Cognizant, another software major invested in the field of autonomous vehicles, tied up three years ago with the Pune-based Automotive Research Association of India. ARAI is a collaborative effort between automotive corporates and the heavy industries ministry. As its clients, Cognizant has original equipment manufacturers that are making platforms based on AI and machine learning technologies for autonomous cars. Among its many services, Cognizant helps carmakers in a systems engineering concept called Verify and Validate: to virtually help cars identify objects in their range of vision accurately. Queried about the market opportunity for Artificial Intelligence products, Madhuraj Jadav, Vice-President of connected products at Cognizant, said: “AI-based autonomy is being developed independently by many players in the industry across the globe.
However, the algorithms and solutions being developed are proprietary and not a standard.
Therefore, we perceive that the overall opportunity is significantly higher with high growth potential. We have built expertise within Cognizant and have developed accelerators to explore these opportunities.”
V Vinay, founder of ATI Motors, which is building an autonomous cargo vehicle in India, said that while the opportunity to build technologies is there for companies in the country, the biggest challenge is trained manpower.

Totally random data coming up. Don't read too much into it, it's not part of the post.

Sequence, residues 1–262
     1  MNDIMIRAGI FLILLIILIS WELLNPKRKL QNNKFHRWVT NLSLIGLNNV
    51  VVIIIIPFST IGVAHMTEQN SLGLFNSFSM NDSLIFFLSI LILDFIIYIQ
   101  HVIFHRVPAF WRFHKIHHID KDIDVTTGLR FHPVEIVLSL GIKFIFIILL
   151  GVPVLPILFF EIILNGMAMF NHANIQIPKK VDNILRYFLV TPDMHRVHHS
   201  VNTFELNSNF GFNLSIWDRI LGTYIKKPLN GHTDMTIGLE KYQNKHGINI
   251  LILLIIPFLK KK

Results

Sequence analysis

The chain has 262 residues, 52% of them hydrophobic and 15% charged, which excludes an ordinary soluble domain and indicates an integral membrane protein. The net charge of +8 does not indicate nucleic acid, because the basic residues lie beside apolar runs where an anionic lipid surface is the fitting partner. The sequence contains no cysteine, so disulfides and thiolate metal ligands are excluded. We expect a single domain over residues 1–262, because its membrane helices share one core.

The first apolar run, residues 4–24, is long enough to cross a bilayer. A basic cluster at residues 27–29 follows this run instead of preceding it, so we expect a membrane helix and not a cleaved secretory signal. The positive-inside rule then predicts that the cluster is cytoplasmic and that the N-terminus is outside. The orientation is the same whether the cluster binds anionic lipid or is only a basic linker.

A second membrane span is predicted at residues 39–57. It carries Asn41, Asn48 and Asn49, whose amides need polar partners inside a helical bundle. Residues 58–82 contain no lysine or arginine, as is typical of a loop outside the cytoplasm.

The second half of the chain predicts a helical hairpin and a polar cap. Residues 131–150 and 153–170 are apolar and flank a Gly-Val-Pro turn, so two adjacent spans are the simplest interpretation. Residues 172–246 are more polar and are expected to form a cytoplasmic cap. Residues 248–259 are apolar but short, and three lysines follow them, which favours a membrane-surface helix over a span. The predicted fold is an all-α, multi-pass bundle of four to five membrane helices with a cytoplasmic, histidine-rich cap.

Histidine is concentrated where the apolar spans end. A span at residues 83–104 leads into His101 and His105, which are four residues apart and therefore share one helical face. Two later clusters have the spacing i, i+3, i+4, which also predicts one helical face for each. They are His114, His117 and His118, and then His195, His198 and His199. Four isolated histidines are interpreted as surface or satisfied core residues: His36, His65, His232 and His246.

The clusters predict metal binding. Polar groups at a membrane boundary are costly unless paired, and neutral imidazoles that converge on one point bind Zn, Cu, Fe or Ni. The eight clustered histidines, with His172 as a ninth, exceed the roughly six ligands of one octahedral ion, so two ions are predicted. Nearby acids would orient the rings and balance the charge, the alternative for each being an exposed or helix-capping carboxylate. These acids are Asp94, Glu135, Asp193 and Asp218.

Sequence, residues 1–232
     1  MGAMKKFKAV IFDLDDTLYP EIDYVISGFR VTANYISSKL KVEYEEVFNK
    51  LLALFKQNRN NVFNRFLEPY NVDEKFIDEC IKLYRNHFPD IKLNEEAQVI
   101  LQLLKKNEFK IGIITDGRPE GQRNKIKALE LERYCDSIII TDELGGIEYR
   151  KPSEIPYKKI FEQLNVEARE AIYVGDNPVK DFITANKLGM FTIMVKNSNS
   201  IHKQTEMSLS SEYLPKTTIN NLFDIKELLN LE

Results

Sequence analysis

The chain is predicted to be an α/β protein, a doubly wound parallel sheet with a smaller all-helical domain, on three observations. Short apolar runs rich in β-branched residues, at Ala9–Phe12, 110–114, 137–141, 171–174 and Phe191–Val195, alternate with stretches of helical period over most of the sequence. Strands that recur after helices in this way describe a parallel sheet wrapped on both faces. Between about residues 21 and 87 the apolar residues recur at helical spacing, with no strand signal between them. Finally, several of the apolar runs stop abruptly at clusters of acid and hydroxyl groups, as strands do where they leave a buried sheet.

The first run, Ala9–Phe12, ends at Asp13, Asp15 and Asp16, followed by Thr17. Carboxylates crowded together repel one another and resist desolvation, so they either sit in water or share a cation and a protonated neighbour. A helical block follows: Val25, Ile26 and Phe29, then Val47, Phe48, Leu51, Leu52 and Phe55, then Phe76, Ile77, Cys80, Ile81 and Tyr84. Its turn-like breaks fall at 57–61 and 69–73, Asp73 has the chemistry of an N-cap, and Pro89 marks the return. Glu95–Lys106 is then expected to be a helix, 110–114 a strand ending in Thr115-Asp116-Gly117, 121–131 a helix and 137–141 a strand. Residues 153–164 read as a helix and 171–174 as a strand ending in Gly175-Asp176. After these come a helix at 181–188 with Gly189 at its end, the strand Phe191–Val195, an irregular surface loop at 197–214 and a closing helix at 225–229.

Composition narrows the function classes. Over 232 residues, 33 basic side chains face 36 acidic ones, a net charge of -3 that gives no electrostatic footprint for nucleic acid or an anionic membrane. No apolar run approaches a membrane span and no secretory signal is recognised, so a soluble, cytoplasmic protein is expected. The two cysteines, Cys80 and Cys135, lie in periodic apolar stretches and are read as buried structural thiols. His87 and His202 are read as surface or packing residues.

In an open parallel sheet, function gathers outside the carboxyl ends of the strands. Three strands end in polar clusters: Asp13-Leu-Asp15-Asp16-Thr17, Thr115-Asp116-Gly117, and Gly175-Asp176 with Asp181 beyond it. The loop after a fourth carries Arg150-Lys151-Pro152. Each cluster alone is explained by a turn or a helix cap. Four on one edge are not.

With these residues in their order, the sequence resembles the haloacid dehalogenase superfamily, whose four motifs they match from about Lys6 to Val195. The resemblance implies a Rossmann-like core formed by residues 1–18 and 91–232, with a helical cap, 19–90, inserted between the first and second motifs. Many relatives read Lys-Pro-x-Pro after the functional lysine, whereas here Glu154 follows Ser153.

“We don’t have enough people who understand engineering concepts for autonomous vehicles at scale that are required for services companies,” said Vinay.
Tech Mahindra, another player in the autonomous car space, foresees a market opportunity of $5-6 billion for domestic engineering services companies, growing at a clip of 35-40% from the current market size of $700-800 million.
To capture the opportunity, Tech Mahindra has over 1,000 engineers in its Autonomous School of Excellence and plans to add nearly 2,000 more in the next two months.
“In my interactions with customers in Germany and China, I see that the immediate need is at least 20,000 engineers with knowledge in automotive software space,” said Karthikeyan Natarajan, global head for integrated engineering services at Tech Mahindra. “Nearly 70-80% of the work going on in autonomous vehicles is in third-degree autonomous vehicles—partially autonomous wherein the driver can take his feet and hands off and the car keeps going.”
Tata Elxsi has built an autonomous vehicle middleware platform, Autonomai, designed to help OEMs and system suppliers build, test and deploy autonomous vehicle applications. Elxsi is also jointly working with Hyundai to develop a simulation environment to test scenarios for autonomous driving.